Havana, Cuba (CNN) -- Cuba has stepped up its harassment of dissidents in the eastern province of Santiago de Cuba, with authorities beating, gassing and arresting protesters critical of the Communist government, human rights activists said Wednesday.
During the past five weekends, the government has strongly repressed peaceful protests in several eastern cities, said Elizardo Sanchez, the head of the island's unofficial Commission for Human Rights and National Reconciliation. In at least one case, in the town of Palma Soriano, forces used gas -- either pepper spray or tear gas -- against one family, Sanchez said.
Among those targeted are the Ladies in White, a group of mothers, sisters and friends of jailed dissidents who hold regular marches, said Berta Soler, one of its founding members.
"Starting on July 17, the government has been responsible for criminal, violent acts against women who only want to go to the church for Mass, to pray and ask for freedom for political prisoners," Soler told CNN.
Demonstrations in the neighborhoods of El Cobre and Palmarita Soriano were also squelched violently, he said. In all, at least 65 men and women were arrested by the country's secret police, his commission said.
In one of the most recent incidents, on Sunday morning, a group of female dissidents were beaten and detained as they headed to Mass at the Palma Soriano's cathedral, Sanchez said. In protest of this act, two dissident groups declared they would hold closed-door vigils in certain homes, he said.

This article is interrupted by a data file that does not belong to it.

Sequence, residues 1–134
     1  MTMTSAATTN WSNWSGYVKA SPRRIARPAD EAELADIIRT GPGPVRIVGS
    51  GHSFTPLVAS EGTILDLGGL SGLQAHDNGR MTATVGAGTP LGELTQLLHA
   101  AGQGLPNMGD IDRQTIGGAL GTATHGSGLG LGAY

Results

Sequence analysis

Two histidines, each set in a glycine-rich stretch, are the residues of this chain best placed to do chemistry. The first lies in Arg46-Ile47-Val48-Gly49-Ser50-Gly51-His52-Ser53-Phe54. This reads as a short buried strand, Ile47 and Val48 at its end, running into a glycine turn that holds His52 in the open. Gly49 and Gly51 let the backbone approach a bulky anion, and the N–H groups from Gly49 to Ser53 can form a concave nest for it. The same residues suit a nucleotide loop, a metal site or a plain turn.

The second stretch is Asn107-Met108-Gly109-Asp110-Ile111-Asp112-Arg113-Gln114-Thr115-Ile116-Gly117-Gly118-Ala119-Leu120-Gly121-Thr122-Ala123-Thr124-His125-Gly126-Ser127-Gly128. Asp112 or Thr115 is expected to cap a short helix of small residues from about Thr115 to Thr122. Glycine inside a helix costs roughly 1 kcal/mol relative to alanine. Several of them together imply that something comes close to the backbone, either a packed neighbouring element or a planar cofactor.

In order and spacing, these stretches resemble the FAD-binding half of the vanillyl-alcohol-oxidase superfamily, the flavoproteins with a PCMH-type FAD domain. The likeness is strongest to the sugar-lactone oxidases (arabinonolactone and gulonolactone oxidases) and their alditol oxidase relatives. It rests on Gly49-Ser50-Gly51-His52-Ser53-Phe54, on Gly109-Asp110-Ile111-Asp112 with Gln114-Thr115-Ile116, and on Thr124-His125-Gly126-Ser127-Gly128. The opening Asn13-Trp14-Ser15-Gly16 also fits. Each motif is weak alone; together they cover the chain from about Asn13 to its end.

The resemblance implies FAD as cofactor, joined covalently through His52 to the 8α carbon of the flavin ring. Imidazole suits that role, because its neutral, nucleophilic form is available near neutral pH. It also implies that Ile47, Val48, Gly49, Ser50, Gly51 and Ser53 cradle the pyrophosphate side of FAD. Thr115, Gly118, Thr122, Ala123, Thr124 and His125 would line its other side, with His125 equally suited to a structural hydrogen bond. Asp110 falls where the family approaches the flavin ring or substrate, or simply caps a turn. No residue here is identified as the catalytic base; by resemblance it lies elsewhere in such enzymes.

On Sunday evening, one of the homes was raided by riot police, Sanchez said. The government forces mistreated the 30 people at the home and destroyed many of the home's furnishings, he said.
The Cuban government has not commented on the allegations. But Soler said she attended Sunday's protest, "and I was beaten just like them." She said she asked Cuba's Roman Catholic cardinal, Jaime Ortega, "to tell the government to stop the violent, repressive actions against the Ladies in White and also human rights activists."
"Once again, we, the Ladies in White, will continue," Soler said. "As long as there are political prisoners, we will keep fighting for them."
The ladies got a recent word of encouragement from popular Cuban singer Pablo Milanes, whose recent performance in Miami was met by protests by some exile groups. In an open letter to Miami radio commentator Edmundo Garcia, published online and excerpted in the Spanish newspaper El Nuevo Herald, Milanes called attacks on the women by pro-government demonstrators "vile" and "cowardly.''
Soler said Milanes should keep up that criticism when he's back home.
"For us, it's very good that Pablo Milanes showed solidarity or at least sensitivity to the pain that the Ladies in White and people in Cuba are suffering," she said. "It's very important that he return to Cuba and maintain it."
CNN's Mariano Castillo and Shasta Darlington contributed to this report.